When I suggest that democracy is anti-Christian, the response usually
consists of two statements.
The first statement has a strange form. It is not a moral statement
(normative) but a pragmatic or positive statement about the way things
This statement can be proved by observation as many people have died of
thirst in the desert. However I cannot see how the claim that we need
government cannot be proven by observation or experiment.
If I turn the statement into a moral statement:
it looks less certain. If I turn the moral statement into a universal
it starts to look quite shaky. We can all think of governments that are
not good. If I qualify it to the following statement:
- Some governments are good,
It loses all meaning, and begs several questions. Which governments are
good? What are the correct criteria for identifying a government that is
This leads to the second leg of the double, above:
- Democracy is the best form of government.
This is a moral statement. It does not just imply that,
It is a superlative. Democracy is better than all other forms of
government. This takes us back to the first statement. What are the
criteria for deciding the best form of government? It also begs another
question. What is the list of government types that democracy has been
The truth is that those who use the two statements above never think
about these issues. They just assume that the two statements are true. The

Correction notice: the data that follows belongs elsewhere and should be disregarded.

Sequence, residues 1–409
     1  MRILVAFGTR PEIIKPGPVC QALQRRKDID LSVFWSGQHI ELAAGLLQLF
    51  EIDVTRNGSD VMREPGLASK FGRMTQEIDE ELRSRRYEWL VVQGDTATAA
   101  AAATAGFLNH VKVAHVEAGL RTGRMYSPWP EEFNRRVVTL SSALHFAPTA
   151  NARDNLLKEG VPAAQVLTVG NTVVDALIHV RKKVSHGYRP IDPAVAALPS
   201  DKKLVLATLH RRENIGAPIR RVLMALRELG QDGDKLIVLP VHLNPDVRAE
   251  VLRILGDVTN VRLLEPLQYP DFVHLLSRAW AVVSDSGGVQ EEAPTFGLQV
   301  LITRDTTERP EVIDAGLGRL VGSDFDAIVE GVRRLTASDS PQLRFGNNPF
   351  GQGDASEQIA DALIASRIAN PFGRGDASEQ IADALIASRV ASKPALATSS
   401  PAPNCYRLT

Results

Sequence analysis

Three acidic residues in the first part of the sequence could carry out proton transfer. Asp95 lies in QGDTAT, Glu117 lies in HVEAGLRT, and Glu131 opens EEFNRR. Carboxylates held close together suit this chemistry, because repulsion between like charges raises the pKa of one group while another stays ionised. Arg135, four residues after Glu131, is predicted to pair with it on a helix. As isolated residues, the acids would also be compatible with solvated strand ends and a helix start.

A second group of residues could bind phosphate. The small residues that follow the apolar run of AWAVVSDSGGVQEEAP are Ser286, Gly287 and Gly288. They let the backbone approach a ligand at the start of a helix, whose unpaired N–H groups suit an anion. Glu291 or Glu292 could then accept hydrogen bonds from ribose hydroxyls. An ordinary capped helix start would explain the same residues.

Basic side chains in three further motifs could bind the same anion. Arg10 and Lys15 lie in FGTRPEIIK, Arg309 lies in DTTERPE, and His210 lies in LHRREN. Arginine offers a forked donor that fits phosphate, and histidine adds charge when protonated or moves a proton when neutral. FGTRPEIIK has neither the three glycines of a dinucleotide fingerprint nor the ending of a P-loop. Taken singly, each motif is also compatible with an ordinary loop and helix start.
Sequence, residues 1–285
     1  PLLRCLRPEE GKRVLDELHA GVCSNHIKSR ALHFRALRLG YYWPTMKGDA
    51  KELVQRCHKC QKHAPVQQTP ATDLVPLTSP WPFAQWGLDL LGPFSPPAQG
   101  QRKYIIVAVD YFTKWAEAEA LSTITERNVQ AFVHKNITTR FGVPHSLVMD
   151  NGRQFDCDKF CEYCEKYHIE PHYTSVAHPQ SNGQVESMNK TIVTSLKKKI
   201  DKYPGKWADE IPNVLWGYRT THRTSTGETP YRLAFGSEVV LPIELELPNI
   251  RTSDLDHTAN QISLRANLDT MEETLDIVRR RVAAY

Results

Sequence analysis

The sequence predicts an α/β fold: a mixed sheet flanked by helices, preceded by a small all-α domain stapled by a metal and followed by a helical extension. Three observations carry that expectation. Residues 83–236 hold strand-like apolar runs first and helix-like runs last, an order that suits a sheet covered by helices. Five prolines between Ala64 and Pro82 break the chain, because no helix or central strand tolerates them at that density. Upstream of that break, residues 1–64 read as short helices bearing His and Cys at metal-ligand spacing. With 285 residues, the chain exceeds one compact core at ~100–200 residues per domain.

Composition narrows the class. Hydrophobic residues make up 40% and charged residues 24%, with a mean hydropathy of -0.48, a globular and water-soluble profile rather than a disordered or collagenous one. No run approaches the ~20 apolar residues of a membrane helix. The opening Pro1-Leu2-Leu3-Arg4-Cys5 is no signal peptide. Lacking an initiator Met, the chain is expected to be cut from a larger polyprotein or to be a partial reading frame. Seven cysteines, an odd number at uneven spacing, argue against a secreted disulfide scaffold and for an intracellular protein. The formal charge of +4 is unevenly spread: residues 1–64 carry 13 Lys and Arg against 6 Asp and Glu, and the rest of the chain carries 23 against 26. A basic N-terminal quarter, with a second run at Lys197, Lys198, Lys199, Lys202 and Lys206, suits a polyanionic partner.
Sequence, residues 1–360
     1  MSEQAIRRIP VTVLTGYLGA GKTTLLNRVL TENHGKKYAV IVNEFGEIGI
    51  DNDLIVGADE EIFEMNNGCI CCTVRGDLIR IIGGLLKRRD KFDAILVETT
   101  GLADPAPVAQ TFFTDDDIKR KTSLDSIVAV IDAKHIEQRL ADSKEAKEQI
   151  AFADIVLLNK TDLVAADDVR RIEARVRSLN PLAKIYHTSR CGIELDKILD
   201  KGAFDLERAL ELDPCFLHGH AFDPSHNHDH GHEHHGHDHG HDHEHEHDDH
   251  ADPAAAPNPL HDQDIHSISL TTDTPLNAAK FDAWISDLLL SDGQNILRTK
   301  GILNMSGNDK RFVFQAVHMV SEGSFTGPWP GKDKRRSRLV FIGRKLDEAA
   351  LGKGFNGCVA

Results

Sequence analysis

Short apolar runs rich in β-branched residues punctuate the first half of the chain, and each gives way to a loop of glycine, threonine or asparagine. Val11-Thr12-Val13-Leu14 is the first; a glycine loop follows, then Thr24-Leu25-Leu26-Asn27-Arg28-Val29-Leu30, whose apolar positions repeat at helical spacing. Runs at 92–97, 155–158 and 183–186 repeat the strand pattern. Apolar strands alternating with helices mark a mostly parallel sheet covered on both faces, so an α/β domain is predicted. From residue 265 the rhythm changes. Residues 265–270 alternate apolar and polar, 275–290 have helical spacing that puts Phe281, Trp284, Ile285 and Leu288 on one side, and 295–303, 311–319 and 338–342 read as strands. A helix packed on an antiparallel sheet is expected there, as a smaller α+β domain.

problem is that they assuming what you are trying to prove is not very
If the state has power of coercion, and that seems to be its primary
characteristic, then a state that takes actions that are not supported by
a broad consensus has slipped into tyranny. It will be forcing people to
do things against their will, without a moral basis for doing so.
This means that state action must be limited to things that most people
support, regardless of whether they make their decision about these things
on the basis of reason, emotion religion or just following the crowd.
Unless that state stays within the lowest common denominator that everyone
accepts, it becomes a tyrant. This is true whether the state is totally
secular or listens to religious voices.
There are very few state actions that everyone will agree on, so the
role of the state must be very limited.
The only question in Politics is this:
When is force justified?
(Lew Rockwell - The Left, the Right and the State).